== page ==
At the end of last semester, the SIUE faculty-staff list-serv was filled with a flurry of emails about “Grills Gone Wild,” the outdoor cafe-grill on campus. The discussion was initiated by a staff member who acknowledged his discomfort with the name, and many of the emails that responded to his were written by members of the campus community who explained that they too were uncomfortable but had not spoken up, lest they not be taken seriously. In this blog post, Prof. Trish Oberweis considers the name of the grill, and she also writes about the debate that ensued and a more general reluctance to engage in topics that might be perceived as falling under the umbrella of “political correctness.” Her essay appeared in a shorter form in The Chronicle of Higher Education (a big deal!) which you can view, along with the comments–some respectful, some not–here. We are happy to print the essay in full on our blog.
Recently, a series of discussions took place at my University centering on the name of a campus food stand, called “Grills Gone Wild.” The name, of course, is a play on words related to the name of the series of videos in which young, frequently intoxicated women bared their breasts or engaged in other lewd behavior for the camera. The producer has been sued a number of times, including multiple lawsuits related to subjects’ lack of consent, and the brand is now bankrupt. As you might imagine, some on the campus did not approve.
A member of the campus community overheard some students expressing their irritation about the name. Their conversation prompted this colleague to publicly raise the students’ concern on an email thread. The email, in turn, generated additional discussions. Although the grill’s name was not particularly new, public debate about it was. You can already imagine the two sets of responses lining up to publicly and privately roll their eyes that we would even need to hold such discussion. On the one side were those complaining that the name is insensitive. This group presented rape statistics, noted the national attention turning to campus sexual assault (we’d just hosted the state Attorney General for a training event on our campus), and pointed out that half or more of the campus is comprised of women. On the other side were the voices saying that the off color name is funny and is not legally prohibited and, therefore, an acceptable choice. This second group decried the kowtowing to political correctness.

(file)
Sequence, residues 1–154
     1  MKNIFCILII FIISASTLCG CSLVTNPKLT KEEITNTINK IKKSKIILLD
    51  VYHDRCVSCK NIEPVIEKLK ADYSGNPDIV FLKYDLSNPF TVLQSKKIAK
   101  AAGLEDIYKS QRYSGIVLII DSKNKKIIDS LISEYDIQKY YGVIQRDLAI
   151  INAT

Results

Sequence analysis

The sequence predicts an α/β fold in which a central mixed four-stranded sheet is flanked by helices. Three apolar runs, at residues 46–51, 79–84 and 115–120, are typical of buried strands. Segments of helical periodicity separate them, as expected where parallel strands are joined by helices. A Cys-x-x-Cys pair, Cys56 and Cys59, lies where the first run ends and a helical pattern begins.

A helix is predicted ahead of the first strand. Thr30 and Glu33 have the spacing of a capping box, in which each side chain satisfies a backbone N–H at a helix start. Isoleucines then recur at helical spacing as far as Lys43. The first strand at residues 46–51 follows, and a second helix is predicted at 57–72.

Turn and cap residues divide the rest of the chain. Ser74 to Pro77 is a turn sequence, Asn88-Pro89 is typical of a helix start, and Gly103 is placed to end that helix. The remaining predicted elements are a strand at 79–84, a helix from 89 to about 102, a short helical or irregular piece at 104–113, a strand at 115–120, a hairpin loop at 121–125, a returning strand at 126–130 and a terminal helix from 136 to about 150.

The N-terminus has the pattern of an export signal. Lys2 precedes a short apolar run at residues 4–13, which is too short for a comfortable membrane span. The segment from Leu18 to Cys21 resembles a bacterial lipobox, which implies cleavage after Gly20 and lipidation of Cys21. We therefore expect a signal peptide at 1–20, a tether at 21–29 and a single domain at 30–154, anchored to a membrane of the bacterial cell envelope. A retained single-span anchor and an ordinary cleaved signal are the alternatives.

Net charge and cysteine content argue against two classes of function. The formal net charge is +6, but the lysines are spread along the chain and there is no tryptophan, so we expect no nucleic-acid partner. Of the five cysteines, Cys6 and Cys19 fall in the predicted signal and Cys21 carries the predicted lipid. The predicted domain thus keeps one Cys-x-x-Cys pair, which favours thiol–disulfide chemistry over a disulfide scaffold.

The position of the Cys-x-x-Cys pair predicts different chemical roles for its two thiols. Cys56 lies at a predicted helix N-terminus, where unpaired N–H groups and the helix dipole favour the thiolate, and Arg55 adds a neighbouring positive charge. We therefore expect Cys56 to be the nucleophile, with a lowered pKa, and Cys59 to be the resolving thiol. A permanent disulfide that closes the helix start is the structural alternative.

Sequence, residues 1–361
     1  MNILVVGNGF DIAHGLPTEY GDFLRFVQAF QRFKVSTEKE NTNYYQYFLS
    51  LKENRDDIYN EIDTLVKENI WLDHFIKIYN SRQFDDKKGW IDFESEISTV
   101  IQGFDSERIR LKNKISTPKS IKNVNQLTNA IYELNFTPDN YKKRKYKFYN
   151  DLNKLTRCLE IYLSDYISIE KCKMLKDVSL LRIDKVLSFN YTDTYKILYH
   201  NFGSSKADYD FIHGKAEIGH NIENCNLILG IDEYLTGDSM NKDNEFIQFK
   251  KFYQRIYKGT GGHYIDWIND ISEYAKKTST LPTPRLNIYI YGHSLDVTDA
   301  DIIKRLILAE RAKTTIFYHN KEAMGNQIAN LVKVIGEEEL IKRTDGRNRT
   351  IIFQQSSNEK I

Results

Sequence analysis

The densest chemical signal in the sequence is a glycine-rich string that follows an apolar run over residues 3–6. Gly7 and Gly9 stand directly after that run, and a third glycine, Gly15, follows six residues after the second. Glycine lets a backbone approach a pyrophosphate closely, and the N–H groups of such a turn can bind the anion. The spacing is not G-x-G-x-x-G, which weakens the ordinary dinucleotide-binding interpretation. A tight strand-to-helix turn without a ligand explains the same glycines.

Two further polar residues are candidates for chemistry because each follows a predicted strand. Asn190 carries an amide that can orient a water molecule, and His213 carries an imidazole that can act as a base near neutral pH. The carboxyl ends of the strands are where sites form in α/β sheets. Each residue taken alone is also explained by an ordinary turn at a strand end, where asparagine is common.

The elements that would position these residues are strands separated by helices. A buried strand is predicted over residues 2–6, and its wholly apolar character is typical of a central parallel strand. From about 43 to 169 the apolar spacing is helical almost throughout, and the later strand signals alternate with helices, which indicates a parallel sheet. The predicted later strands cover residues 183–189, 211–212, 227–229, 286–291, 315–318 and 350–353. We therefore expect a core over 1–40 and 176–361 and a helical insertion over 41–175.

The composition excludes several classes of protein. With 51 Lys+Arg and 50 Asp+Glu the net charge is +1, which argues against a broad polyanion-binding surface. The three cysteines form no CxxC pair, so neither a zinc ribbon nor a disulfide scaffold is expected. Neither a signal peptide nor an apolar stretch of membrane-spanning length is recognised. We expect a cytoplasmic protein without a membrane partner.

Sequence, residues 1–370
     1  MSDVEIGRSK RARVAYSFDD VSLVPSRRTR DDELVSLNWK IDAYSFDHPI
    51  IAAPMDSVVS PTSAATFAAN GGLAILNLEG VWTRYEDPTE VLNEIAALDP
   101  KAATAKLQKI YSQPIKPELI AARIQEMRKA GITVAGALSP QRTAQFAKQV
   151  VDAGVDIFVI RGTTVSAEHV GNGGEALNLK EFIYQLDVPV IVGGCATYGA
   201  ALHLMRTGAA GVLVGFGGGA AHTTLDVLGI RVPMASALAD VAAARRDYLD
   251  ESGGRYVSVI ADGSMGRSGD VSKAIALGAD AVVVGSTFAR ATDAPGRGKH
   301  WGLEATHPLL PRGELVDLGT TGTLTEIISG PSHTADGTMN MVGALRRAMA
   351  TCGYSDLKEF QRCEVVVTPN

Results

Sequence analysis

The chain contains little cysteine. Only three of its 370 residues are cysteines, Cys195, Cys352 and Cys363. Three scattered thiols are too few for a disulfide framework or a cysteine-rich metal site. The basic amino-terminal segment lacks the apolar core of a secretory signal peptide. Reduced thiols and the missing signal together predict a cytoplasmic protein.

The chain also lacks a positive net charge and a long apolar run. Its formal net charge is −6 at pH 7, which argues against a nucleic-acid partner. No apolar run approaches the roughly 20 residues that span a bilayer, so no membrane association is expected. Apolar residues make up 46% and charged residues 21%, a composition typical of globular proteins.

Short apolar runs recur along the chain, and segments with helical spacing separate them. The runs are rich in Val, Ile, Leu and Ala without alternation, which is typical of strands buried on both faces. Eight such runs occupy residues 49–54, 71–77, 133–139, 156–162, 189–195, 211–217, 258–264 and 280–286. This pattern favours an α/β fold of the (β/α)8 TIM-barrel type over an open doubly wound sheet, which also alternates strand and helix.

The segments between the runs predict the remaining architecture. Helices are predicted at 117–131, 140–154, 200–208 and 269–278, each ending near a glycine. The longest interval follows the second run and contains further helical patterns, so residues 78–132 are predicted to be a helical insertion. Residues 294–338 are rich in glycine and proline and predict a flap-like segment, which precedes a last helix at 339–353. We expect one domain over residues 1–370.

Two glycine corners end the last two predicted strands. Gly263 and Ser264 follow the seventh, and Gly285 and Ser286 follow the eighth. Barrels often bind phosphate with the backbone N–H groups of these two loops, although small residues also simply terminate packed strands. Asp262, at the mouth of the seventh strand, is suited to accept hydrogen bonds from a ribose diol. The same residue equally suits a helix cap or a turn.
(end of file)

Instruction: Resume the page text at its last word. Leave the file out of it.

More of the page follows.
The University has a relevant policy of sorts; well, it’s really more of a pledge than a true policy. But the idea is to remind everyone who uses the campus to be civil and respectful. It’s called the “We Are One” promise. Students, staff, faculty and administrators were asked some years ago to sign this pledge. Early signers were even rewarded with a free t-shirt. Does the Grills Gone Wild moniker honor this pledge? Is it required to? The answer to both questions is “probably not.”
Surely, we can all agree that the name is legal. So is consuming gallons of soda and dozens of doughnuts. That doesn’t make it a wise choice. Despite the stupidity and self-defeat inherent in the doughnut diet, I am not legally prohibited from going for it. And how could I be? What kind of law could be crafted to require that I use common sense in my junk food consumption? Would we want to live in a society that legislates these things?
The same balancing act seems apropos to consider here; is a name that jokingly speaks of sexual objectification the wisest choice for a campus community with an alleged “We Are One” commitment? Is that the right way to promote safety—or a welcoming climate–for women in a University setting? Does it support young men fostering respectful relationships with women during this period of sexual development? When parents bring their students to visit our campus and decide if ours would be a good school for them, should we have parents stop for a bite at the Grills Gone Wild? What would that communicate to them? Still, what kind of law could (or should) be written to codify common sense? Would we want to live in a society that legislates these things?